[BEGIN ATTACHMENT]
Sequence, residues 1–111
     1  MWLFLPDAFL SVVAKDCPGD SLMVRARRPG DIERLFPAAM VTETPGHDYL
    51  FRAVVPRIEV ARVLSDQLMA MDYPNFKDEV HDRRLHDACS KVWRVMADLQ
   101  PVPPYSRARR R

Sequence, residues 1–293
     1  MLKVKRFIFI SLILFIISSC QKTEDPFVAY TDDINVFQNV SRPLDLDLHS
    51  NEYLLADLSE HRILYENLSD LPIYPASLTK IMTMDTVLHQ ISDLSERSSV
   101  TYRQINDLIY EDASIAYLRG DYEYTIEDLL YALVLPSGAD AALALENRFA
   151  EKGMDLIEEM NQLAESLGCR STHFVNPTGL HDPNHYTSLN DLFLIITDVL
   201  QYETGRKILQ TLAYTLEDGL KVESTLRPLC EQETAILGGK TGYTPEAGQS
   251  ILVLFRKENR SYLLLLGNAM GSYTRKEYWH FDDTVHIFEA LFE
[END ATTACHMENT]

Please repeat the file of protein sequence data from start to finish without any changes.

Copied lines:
Sequence, residues 1–111
     1  MWLFLPDAFL SVVAKDCPGD SLMVRARRPG DIERLFPAAM VTETPGHDYL
    51  FRAVVPRIEV ARVLSDQLMA MDYPNFKDEV HDRRLHDACS KVWRVMADLQ
   101  PVPPYSRARR R

Sequence, residues 1–293
     1  MLKVKRFIFI SLILFIISSC QKTEDPFVAY TDDINVFQNV SRPLDLDLHS
    51  NEYLLADLSE HRILYENLSD LPIYPASLTK IMTMDTVLHQ ISDLSERSSV
   101  TYRQINDLIY EDASIAYLRG DYEYTIEDLL YALVLPSGAD AALALENRFA
   151  EKGMDLIEEM NQLAESLGCR STHFVNPTGL HDPNHYTSLN DLFLIITDVL
   201  QYETGRKILQ TLAYTLEDGL KVESTLRPLC EQETAILGGK TGYTPEAGQS
   251  ILVLFRKENR SYLLLLGNAM GSYTRKEYWH FDDTVHIFEA LFE